9. Most people in this industry spread themselves too thin.  Many of the investors are undercapitalized and don’t have the resources or management abilities to hire on additional staff to help them with their projects.  Domainers that used to buy and park are now forced to become webmasters, designers, and salesman. Hiring these people costs money and so they try and do it themselves.  There are some fantastic names that could bring in tens of thousands of dollars in revenue but the owners don’t have the resources to do it and won’t allow investors.  That’s why I think #6 is so important.  Work with a few names at a time…..focus.

10.  Domain Ad sales is hot.  All the salespeople from traditional media are out of work and a lot of websites need salespeople.  A domain owner spends a lot of money having a great site built and then what?  He needs a sales staff. People are using middlemen to fill ad space but 40% (the middleman’s cut) of 100K in ads is a big chunk to give out.  Put a bunch of like sites together that you own and it’s the way to go.  Big business is starting to understand the internet and if you can put together a creative package with lots of eyeballs you can certainly go direct right now and keep all the money for yourself.

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Outsmarting the Dumb, Outworking the Smart

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5 comments

  1. Sunny

    Shane,
    I agree with 9 out 10.
    #5 Privacy has other reasons also.

    1. Lets say you have 10 live sites and you are doing white hat linking. You don’t want search engines to know that they are all one person’s websites. There is nothing wrong about a little bit of linking between your sites but sometimes, it can still go against you.

    2. If you have valuable domain, privacy hides the email address associated with the account making it a bit safer if some one thinks of stealing it.

  2. Tia Wood

    1) “but on their own they are very tough to brand”
    Generic domains are excellent for branding and driving traffic. However, business ideas are what is indeed “tough to brand”, not the domain itself.

    2) “There are too many Domain Conferences.” Maybe yes, maybe no. Each conference has their own components to offer. Multiple conferences can also be seen as a convenience.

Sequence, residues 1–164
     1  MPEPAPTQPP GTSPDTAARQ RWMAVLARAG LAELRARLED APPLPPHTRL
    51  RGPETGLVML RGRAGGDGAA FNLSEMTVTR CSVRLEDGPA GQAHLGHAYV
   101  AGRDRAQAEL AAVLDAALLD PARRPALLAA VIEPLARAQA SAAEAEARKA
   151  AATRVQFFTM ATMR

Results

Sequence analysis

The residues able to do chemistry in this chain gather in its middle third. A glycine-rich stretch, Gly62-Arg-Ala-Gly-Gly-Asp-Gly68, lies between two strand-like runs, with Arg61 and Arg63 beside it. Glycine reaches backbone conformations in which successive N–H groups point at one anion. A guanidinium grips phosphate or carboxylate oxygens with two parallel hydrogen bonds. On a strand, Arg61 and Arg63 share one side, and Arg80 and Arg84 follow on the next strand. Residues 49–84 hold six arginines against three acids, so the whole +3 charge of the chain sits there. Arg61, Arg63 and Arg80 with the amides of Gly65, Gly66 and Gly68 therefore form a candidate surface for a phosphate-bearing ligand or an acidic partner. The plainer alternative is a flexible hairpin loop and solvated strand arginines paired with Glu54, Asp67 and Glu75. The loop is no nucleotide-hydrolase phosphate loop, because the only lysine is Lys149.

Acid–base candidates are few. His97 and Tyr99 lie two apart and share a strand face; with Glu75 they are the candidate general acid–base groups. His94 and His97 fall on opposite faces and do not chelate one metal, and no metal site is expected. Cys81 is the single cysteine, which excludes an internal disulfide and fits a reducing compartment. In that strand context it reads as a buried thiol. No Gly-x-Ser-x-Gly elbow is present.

3 – 4) Agreed

    5) “I don’t get the hiding your identity”. Things are not that black and white. Some people just want to be left alone. Some have competitors outside the domain industry and want to make it harder to track. There can be many reasons.

    6) Agreed

    7) Disagree but to each his own.

    8) “As a seed investor in your company I would rather you buy an easy to remember domain name on the cheap and save the money for building infrastructure.”

    Excellent, excellent point. Sometimes buying an expensive one word generic is NOT the best for a starting company, project or idea. The bottom line is not about the domain at all but in fact the business plan BEHIND the company or project itself.

    9) Oh! You don’t know how correct this is.

  3. Troy

    I think this is the best post that I have read concerning domaining in a long time. The industry is full of problem elements and so few “domainers” have the ability to open their eyes and see it. It seems like you are attacked as being a “dark cloud” if you mention anything negative about domains or domaining. The main players want the business to stay the way that it has been for the past decade but that is not going to happen, the business is changing and only those who can adapt will be left.

    Domains have value but they are NOT the most importiant thing in a business inspite of what the big whigs are saying. Having a sharp business mind is much more importiant, having an understanding of branding is much more importiant, there are so many things that are going to change in the next 5 yeas or so and a lot of people are going to be hurt becase they did not see it coming because they were too busy reading the blogs of all the people telling them that domains are all that matters.

    In the future we are going to have to be value creating business people, not domianers. Domianers will blow away with the winds of change, business men and women will stay.

  4. Kedaar

    Wow, This is absolutely true. But I still don’t agree on 2nd and 5th point. Domain conferences are more geographically concentrated in USA. IMO it should be held across world. Considering the rise in ccTLDs sale I would see more DN Conferences across locations in future.

    One point you miss is the comparison of full timers and part timers.

    Rest is 100% accurate.